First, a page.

The clamorous turmoil happening in Myanmar for the past several months has been widely acknowledged by the international community. Yet, only a few profound steps have been hitherto taken. Despite the dissent voiced by the world, including Washington and London, the junta regime prevailing in Myanmar has continuously stood in a firm stance. Thus, it has come to light that ASEAN might be the key factor to Myanmar’s resolution – bringing the silver lining to the sinister crisis albeit the regional organisation has not exerted myriad efforts to prove that they could be one.
One must admit that the military regime has many strategies up their sleeves. For example, fifty-nine years after the 1962 Burmese coup d’état, Tatmadaw detained the democratically elected State Counsellor Aung San Suu Kyi, President Win Myint, and other leaders. Through this action, the Tatmadaw single handedly accused that the election won by the National League for Democracy was corrupt and took over the country’s power by putting them in detention. The accusation later became the ultimate ground of the coup executed by the military, claiming that the military has every right to seize power as the scandal may harm the country’s integrity. The hard-fought democracy has seemed to dissipate into thin air in a blink of an eye, prompting a series of protests on the streets. The military chief, Min Aung Hlaing, has ascended to power and only a few times did he appear to explain the country’s situation to the media. The whole country felt betrayed by the military who took the solemn oath to honour the constitution and unfortunately, did the exact opposite.
Regarding the crisis, as a regional organisation that it is, ASEAN has also attempted to seek solutions to solve the problem. And yet, the body itself has continuously been immersed in the dilemma of the members’ diverse notions and its own fundamental principles’ contradiction, starting from how ASEAN has been subtly divided into two polars. The first polar, consisting of Indonesia, Malaysia, and Singapore, firmly professed the step to endeavour the necessary means to resolve the crisis. Meanwhile, the second group of Thailand, Vietnam, Cambodia, and Laos, remains to hold onto the credo of non-interference. ASEAN has sternly emphasised its stance of no-ninterference from time to time to respect a country’s irrefragable sovereignty. Yet, the same ASEAN also commits to respecting fundamental freedoms, the promotion and protection of human rights, and the promotion of social justice. As contradictory as it may seem in Myanmar’s case, ASEAN then has decided to resort to its true ASEAN way.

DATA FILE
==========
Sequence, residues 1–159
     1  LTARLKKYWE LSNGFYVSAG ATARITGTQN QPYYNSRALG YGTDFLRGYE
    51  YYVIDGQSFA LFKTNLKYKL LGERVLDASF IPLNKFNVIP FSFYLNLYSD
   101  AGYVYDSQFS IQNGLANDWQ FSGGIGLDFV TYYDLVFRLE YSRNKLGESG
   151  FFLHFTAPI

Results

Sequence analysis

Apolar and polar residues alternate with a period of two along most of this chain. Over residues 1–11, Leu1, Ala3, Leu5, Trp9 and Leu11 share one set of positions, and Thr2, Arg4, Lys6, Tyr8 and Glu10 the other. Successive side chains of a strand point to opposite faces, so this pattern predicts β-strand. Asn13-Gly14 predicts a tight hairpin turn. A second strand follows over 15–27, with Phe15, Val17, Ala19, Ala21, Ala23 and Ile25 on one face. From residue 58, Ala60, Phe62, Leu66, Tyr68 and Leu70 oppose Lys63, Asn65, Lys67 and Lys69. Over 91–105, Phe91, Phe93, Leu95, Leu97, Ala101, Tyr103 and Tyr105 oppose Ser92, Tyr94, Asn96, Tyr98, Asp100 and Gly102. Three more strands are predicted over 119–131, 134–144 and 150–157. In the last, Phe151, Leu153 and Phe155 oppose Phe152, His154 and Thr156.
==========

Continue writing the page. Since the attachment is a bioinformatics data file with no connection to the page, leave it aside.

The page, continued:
On the 24th of April, two months after the coup, ASEAN finally held its first emergency meeting regarding Myanmar. Taking place in Jakarta, ASEAN gallantly invited the chief of the junta himself to the summit as the only representative of Myanmar, making the event heavily criticised, even referred to as “callous”. On the day when the ASEAN leaders spoke of law and came to terms with the final consensus, a total of 748 people were confirmed to have been murdered, 3,389 were under detention, and three were documented as fallen heroes (Assistance Association for Political Prisoners, 2021). The long-awaited meeting resulted in a five-point consensus that was considered scant to deal with Myanmar. The five points included (1) the call for an immediate cessation of violence, (2) a constructive dialogue among all parties, (3) a special envoy of the ASEAN Chair as a mediation of the dialogue process, (4) an acceptance of humanitarian aid by Myanmar, and (5) a visit to Myanmar by the special envoy and delegation. The paper, much to everybody’s disheartenment, neglected a few prominent matters to address, such as the release of political leaders currently held in detention. The solid fact of how ASEAN oddly left out the National Unity Government of Myanmar in the meeting ignited confusion among the public about the final paper, solely causing the meeting to look hazy and diffident. Even now in August, when it has already been months after the event, ASEAN has only reached the unanimity to appoint Erywan Yusof, the Second Minister of Foreign Affairs of Brunei Darussalam, as ASEAN’s official envoy to Myanmar. The thematic special envoy that is supposed to represent the entire body of ASEAN to Myanmar received a surfeit of predicaments, arising doubts whether the mere delegation of the envoy can suffice to resolve the mayhem.